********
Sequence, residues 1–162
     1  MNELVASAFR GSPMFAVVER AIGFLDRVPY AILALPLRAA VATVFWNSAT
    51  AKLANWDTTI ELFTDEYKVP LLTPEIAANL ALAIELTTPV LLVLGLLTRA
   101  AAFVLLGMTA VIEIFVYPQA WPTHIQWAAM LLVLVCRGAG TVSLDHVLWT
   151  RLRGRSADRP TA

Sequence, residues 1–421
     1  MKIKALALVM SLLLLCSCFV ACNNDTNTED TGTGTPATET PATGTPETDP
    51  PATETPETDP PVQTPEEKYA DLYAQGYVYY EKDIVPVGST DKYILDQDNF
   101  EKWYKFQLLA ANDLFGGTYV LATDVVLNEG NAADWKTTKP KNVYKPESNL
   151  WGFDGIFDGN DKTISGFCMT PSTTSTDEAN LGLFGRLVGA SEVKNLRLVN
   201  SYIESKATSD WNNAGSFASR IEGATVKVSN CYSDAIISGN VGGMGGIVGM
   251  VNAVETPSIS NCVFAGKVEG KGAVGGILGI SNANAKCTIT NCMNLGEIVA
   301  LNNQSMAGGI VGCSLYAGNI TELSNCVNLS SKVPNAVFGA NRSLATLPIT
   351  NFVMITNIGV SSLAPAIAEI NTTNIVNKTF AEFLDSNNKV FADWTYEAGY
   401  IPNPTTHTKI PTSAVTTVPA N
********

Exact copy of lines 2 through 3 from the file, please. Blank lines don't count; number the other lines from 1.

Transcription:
     1  MNELVASAFR GSPMFAVVER AIGFLDRVPY AILALPLRAA VATVFWNSAT
    51  AKLANWDTTI ELFTDEYKVP LLTPEIAANL ALAIELTTPV LLVLGLLTRA